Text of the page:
May 20, 2024 |

ALEF Last class June 4, 2017

Posted on June 5, 2017

Dear families:
It has been a wonderful year.  We have so enjoyed being with the children for lots of learning and lots of fun!  Thank you so much for the Amazon gift card.  As a book lover, I will put it to good use.
Cantor Ken began the day with tefillah outdoors.  The children described what they enjoyed outdoors.  Then we recited our usual prayers, some with sign language accompanying our words.
HEBREW:  We finished the book, and we signed the certificates in the back The last letter in the book is  ז“zion,” the first letter in  z’ayv” (wolf), and the cognate “zebra.”  We used our review packs to show what we remembered about the Hebrew letters.
Later in the morning, we played Hebrew bingo to show off what we remembered about the letters and vowel sounds.  No prizes, but a lot of fun,
GODLY PLAY:  It is traditional to read the story of Ruth on Shavuot because of its harvest setting. Naomi and her husband went to Moab to escape the famine in Israel. Her two sons married Ruth and Orpah, Moabite women.  After the three men died, Naomi decided to return to Israel, which had abundant crops again.  She urged her two daughters-in-law to return to their own families.  However, Ruth protested, telling Naomi—“wherever you go, I will go; your G-d shall be my God, where you live, I will live; and where you die, there, I shall one day die.”  (Ruth is regarded as the first convert to Judaism.)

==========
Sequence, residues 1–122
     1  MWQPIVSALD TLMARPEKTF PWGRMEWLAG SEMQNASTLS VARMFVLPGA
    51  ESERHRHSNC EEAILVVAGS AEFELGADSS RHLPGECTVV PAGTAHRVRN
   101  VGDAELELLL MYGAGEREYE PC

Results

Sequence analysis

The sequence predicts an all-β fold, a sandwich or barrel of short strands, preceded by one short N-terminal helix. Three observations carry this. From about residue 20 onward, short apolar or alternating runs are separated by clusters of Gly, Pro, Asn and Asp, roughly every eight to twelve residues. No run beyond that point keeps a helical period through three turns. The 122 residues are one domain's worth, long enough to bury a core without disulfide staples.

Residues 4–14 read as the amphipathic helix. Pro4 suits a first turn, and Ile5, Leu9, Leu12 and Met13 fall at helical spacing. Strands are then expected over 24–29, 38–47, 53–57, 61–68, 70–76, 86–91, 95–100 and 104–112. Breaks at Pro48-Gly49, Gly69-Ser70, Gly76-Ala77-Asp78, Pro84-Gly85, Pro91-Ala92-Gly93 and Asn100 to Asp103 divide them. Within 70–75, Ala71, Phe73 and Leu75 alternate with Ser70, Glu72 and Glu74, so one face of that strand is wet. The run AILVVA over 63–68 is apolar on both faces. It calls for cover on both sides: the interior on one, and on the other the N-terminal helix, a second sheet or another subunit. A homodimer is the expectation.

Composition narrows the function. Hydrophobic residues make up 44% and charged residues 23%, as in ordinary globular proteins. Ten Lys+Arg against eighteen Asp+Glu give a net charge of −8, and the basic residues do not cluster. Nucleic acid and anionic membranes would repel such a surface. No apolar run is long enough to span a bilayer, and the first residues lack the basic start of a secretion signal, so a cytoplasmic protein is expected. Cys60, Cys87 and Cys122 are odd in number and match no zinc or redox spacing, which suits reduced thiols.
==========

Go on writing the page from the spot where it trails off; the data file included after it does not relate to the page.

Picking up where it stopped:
The two women journeyed across the Salt Sea (Dead Sea) to Israel.  Since they had no money, Ruth got food by gleaning.  We discussed this way of helping the poor without cash.  Harvesters were not allowed to pick up any crop that they had dropped or missed.  They also did not touch the corners of their fields.  Poor people were allowed to pick these crops.  Naomi’s relative Boaz owned the field where Ruth gleaned—he asked her to glean only in his fields; his workers would let her eat and drink with them, and they would protect her.  Naomi encouraged Ruth to go to where Boaz was sleeping; he awakened startled and professed his love for Ruth. They wed and eventually had a child; through this child’s family, Ruth became the great-grandmother of King David.
In groups, the children discussed these issues of family, loyalty, gleaning, helping others.  We also worked on two word puzzles on the story of Ruth.
Students concluded with books and games, among them Circle the Year, a path game on the yearly cycle of holidays.
The students took home their Hebrew nametags and photos that I took the first class—See how much the students have grown!
Have a wonderful summer.

Judy and Cheryl (Esther and Tzipporah)